Incendium (Incendium v0.3.1) View Source

Easy flamegraphs to profile for your web applications.


Profiling Elixir code is easy using the default Erlang tools, such as fprof. These tools produce a lot of potentially useful data, but visualizing and interpreting all that data is not easy. The erlang tool eflame contains some utilities to generate flamegraphs from the results of profiling your code

But... eflame expects you to manually run a bash script, which according to my reading seems to call a perl (!) script that generates an interactive SVG. And although the generated SVGs support some minimal interaction, it's possible to do better.

When developping a web application, one can take advantage of the web browser as a highly dynamic tool for visualization using SVG, HTML and Javascript. Fortunately there is a very good javascrtip library to generate flamegraphs: d3-flame-graph.

By reading :eflame stacktrace samples and converting them into a format that d3-flame-graph can understand, we can render the flamegraph in a webpage. That way, instead of the manual steps above you can just visit an URL in your web application.

Batch usage (usage with benchmarks)

Incendium can be used to run benchmarks with integrated profiling data (in the form of flamegraphs). It uses Benchee under the hood, and the API is actually quite similar to Benchee's.

It provides a single function, namely, which takes the same arguments as, plus some incendium-specific ones. The main difference is that the suite title is a required keyword argument instead of an optional one.

An example:

defmodule Incendium.Benchmarks.Example do
  defp map_fun(i) do
    [i, i * i]

  def run() do
    list = Enum.to_list(1..10_000){
      "flat_map" => fn -> Enum.flat_map(list, &map_fun/1) end,
      "map.flatten" => fn -> list |> |> List.flatten() end
      title: "Example",
      incendium_flamegraph_widths_to_scale: true

The output of the script above can be found here.

Interactive Usage (intgrated with a Phoenix web application)

To use incendium in your web application, you need to follow these steps:

1. Add Incendium as a dependency

def deps do
    {:incendium, "~> 0.2.0"}

You can make it a :dev only dependency if you wish, but Incendium will only decorate your functions if you're in :dev mode. Incendium decorators won't decorate your functions in :prod (profilers such as eflame should never be used in :prod because they add a very significant overhead; your code will be ~10-12 times slower)

2. Create an Incendium Controller for your application

# lib/my_app_web/controllers/incencdium_controller.ex

defmodule MyApp.IncendiumController do
  use Incendium.Controller,
    routes_module: MyAppWeb.Router.Helpers,
    otp_app: :my_app

There is no need to define an accompanying view. Currently the controller is not extensible (and there aren't many natural extension points anyway).

Upon compilation, the controller will automcatically add the files incendium.js and incendium.css to your priv/static directory so that those static files will be served using the normal Phoenix mechanisms. On unusual Phoenix apps which have static files in other places, this might not work as expected. Currently there isn't a way to override the place where the static files should be added.

3. Add the controller to your Router

# lib/my_app_web/controllers/router.ex

  require Incendium

  scope "/incendium", MyAppWeb do

4. Decorate the functions you want to profile

Incendium decorators depend on the decorator package.

defmodule MyAppWeb.MyContext.ExampleController do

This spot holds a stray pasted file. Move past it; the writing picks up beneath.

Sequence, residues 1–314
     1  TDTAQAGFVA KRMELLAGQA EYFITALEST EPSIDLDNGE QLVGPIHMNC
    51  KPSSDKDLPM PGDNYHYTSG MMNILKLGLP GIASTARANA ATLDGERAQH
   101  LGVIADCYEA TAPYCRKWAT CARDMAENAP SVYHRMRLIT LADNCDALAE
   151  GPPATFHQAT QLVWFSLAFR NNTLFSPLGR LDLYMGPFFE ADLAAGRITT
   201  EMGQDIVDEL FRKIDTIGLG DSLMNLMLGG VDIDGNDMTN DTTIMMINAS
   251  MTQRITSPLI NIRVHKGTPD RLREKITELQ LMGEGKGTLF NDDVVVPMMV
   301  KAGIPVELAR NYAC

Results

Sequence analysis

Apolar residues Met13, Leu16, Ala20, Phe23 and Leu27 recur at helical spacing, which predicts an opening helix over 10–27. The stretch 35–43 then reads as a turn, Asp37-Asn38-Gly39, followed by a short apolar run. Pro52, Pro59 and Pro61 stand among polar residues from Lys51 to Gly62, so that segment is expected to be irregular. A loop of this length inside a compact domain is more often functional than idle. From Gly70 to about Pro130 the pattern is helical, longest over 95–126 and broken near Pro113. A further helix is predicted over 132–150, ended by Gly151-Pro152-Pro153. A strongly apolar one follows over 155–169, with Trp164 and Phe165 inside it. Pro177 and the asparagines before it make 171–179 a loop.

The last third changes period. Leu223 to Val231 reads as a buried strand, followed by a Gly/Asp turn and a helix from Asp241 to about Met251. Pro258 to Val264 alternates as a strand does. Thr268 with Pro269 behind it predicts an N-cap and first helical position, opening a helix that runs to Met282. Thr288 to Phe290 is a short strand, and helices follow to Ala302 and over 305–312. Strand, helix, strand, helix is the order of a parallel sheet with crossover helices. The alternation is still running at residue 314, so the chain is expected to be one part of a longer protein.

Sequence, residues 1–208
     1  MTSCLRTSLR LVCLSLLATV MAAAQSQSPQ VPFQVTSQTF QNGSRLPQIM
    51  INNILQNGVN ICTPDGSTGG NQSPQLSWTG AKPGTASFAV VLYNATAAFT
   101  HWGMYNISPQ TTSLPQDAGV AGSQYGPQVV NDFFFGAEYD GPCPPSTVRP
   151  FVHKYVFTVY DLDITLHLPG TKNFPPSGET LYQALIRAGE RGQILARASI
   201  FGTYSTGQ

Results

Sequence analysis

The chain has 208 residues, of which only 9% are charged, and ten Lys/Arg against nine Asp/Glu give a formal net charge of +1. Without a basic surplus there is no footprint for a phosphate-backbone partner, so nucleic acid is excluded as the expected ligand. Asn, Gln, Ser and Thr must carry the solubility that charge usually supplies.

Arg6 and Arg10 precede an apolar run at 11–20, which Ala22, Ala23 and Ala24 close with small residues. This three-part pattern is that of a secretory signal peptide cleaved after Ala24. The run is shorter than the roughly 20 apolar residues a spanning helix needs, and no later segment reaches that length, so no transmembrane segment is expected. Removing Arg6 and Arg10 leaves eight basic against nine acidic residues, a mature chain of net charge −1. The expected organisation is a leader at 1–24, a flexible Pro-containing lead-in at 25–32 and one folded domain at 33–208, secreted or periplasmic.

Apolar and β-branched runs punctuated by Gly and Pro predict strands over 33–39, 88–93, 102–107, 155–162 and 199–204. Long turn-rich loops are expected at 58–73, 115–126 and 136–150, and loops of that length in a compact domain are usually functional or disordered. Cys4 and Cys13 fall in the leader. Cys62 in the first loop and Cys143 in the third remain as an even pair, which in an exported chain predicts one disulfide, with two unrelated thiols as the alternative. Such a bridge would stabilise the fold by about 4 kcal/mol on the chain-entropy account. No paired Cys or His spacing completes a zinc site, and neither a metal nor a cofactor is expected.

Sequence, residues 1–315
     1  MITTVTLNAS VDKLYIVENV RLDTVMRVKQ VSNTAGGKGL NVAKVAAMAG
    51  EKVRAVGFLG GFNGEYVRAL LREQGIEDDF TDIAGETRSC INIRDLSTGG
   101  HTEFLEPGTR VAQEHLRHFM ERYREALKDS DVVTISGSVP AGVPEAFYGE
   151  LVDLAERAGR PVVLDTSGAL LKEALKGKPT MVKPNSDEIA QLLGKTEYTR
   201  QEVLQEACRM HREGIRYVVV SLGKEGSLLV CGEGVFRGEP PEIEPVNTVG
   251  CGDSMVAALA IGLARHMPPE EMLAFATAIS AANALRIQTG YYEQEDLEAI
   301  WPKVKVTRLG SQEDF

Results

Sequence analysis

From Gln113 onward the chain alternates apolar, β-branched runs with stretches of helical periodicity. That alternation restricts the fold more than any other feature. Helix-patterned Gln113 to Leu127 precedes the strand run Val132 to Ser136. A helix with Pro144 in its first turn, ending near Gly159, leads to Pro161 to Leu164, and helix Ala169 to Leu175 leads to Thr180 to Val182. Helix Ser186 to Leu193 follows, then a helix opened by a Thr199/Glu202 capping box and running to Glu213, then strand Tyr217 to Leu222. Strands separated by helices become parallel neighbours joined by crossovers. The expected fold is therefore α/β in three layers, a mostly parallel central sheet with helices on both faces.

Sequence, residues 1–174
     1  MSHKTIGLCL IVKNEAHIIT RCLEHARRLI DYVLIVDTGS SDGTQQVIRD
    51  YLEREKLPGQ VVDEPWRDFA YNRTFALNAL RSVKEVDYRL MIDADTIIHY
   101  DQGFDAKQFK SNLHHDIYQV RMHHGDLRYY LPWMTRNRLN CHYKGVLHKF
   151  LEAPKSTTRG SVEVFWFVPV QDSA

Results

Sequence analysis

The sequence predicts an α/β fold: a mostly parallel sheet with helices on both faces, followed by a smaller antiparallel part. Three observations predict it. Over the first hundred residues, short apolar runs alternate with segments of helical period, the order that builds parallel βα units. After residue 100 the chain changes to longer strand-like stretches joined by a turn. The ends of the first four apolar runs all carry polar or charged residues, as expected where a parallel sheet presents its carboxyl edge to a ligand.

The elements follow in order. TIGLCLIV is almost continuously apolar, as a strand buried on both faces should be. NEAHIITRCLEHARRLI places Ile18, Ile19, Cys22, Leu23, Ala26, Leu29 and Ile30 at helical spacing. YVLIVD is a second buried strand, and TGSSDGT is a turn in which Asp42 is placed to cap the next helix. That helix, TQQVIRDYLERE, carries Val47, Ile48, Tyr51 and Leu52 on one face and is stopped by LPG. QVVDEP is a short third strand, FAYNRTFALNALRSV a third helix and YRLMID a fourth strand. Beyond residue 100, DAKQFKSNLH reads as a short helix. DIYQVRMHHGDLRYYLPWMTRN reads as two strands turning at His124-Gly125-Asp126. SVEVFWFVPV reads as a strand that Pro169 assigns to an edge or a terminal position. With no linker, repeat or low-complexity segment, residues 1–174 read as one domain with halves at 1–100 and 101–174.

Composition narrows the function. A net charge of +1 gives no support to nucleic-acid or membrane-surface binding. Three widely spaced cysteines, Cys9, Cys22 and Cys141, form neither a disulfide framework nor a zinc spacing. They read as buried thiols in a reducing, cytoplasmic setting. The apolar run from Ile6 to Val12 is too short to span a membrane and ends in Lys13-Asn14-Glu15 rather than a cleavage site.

use MyAppWeb.Mandarin, :controller

  # Activate the incendium decorators
  use Incendium.Decorator

  # Each invocation of the `index/2` function will be traced and profiled.
  @decorate incendium_profile_with_tracing()
  def index(conn, params) do
    resources = MyContext.list_resources(params)
    render(conn, "index.html", resources: resources)

Currently incendium only supports tracing profilers (which are very slow and not practical in production). In the future we may support better options such as sampling profilers.

5. Visit the /incendium route to see the generated flamegraph

Each time you run a profiled function, a new stacktrace will be generated. Stacktraces are not currently saves, you can only access the latest one. In the future we might add a persistence layer that stores a number of stacktraces instead of keeping just the last one.

Here you can find an example flamegraph with explanations about how to interact with it .

Link to this section Summary


Profiles a function call using tracing (as opposed to sampling).

Adds routes for an Incendium controller.

Runs benchmarks using Benchee and render the scenarios as flamegraphs.

Link to this section Functions

Link to this function


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Profiles a function call using tracing (as opposed to sampling).

This profiler uses :eflame under the hood. Profiled code will be very slow. Never use this in production. Stack data will be written to incendium/stacks.out.

Link to this macro


View Source (macro)

Adds routes for an Incendium controller.

Link to this function

run(benchmarks, options)

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Runs benchmarks using Benchee and render the scenarios as flamegraphs.

Takes the same parameters as Takes the following Incendium-specific options:

  • :incendium_flamegraph_widths_to_scale (default true) - sets the width of the flamegraphs according to the scenario runtime. Scenarios that take a longer time to run will generate wider flamegraphs.

  • :incendium_file (default "incendium/#{suite.title}) - the path to the HTML file were Incendium saves the benchmark results (in Benchee, this is specified by a Formatter, bue Incendium unfortunatelly can't reuse the normal Benchee formatting infrastructure)

All other options are passed into